Referring now to FIG. 9, there is shown a schematic cross-sectional diagram of an integrated circuit microelectronics fabrication illustrating the results of further processing of the integrated circuit microelectronics fabrication whose schematic cross-sectional diagram is shown in FIG. 8. Shown in FIG. 9 is a schematic cross-sectional diagram of an integrated circuit microelectronics fabrication otherwise identical to the integrated circuit microelectronics fabrication shown in FIG. 8, but wherein there has been treated the low dielectric constant dielectric layer 46 with a plasma 48 to form the plasma treated low dielectric constant dielectric layer 46′. The plasma 48 is equivalent or analogous to the plasma 16 shown in FIG. 2 of the first preferred embodiment of the present invention and the plasma 26 shown in FIG. 4 of the second preferred embodiment of the present invention.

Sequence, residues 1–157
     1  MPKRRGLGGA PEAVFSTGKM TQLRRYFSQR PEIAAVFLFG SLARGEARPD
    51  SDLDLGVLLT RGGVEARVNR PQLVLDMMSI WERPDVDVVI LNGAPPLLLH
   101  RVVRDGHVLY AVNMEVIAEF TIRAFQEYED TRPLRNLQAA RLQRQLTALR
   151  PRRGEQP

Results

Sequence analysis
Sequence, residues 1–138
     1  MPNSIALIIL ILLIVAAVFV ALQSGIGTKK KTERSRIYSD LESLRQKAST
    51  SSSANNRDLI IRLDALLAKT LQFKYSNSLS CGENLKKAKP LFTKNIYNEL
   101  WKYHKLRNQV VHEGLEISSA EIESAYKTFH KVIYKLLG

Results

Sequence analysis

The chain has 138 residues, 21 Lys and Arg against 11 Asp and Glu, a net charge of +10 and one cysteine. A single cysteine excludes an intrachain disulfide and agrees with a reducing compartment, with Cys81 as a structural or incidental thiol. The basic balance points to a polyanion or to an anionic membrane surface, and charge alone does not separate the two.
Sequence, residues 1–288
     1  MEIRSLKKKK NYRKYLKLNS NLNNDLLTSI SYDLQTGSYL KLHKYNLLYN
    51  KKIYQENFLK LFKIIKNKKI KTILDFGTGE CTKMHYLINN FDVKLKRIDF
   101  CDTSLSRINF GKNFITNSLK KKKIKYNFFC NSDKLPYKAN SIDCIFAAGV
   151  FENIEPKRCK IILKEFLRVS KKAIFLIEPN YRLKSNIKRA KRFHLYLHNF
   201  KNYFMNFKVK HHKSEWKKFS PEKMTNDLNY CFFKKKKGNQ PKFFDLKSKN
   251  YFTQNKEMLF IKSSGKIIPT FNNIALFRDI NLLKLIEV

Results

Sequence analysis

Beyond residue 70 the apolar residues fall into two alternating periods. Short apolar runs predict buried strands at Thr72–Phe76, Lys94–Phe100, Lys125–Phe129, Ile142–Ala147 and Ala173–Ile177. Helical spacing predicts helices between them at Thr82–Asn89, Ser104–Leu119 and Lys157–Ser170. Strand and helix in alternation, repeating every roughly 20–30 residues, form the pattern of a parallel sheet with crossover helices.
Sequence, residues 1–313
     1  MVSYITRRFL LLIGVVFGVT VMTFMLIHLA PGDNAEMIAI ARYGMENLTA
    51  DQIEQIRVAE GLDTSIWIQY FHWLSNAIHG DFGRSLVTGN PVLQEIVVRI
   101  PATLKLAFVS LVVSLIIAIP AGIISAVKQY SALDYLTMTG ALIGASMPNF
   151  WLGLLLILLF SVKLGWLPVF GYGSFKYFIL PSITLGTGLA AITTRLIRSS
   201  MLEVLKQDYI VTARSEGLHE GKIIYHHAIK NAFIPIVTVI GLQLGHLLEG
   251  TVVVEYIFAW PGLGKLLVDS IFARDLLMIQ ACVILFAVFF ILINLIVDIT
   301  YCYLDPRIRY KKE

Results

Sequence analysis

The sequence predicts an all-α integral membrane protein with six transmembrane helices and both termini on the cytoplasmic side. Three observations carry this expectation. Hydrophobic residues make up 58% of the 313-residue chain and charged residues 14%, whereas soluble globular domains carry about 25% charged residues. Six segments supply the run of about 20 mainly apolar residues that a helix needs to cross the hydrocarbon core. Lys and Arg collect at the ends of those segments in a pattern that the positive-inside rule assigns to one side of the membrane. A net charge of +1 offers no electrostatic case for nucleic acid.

Referring now to FIG. 10, there is shown a schematic cross-sectional diagram of an integrated circuit microelectronics fabrication illustrating the results of further processing of the integrated circuit microelectronics fabrication whose schematic cross-sectional diagram is shown in FIG. 9. Shown in FIG. 10 is an integrated circuit microelectronics fabrication otherwise equivalent to the integrated circuit microelectronics fabrication whose schematic cross-sectional diagram is shown in FIG. 9, but wherein there has been formed upon the plasma treated low dielectric constant dielectric layer 46′ a silicon containing dielectric layer 50 with enhanced adhesion to the underlying plasma treated low dielectric constant dielectric layer 46′. The silicon containing dielectric layer 50 is formed employing materials and methods equivalent or analogous to the silicon containing dielectric layer 18 shown in FIG. 3 of the first preferred embodiment of the present invention and the silicon containing dielectric layer 28 shown in FIG. 6 of the second preferred embodiment of the present invention. The silicon containing dielectric layer 50 is to serve as a hard mask for subsequent processing. Shown also in FIG. 10 is a photoresist mask layer 52 formed in the pattern of a microelectronics conductor layer for which a corresponding trench is to be etched by pattern transfer to the underlying silicon containing dielectric layer 50 by conventional photolithographic methods and materials as are known in the art of integrated circuit microelectronics fabrication.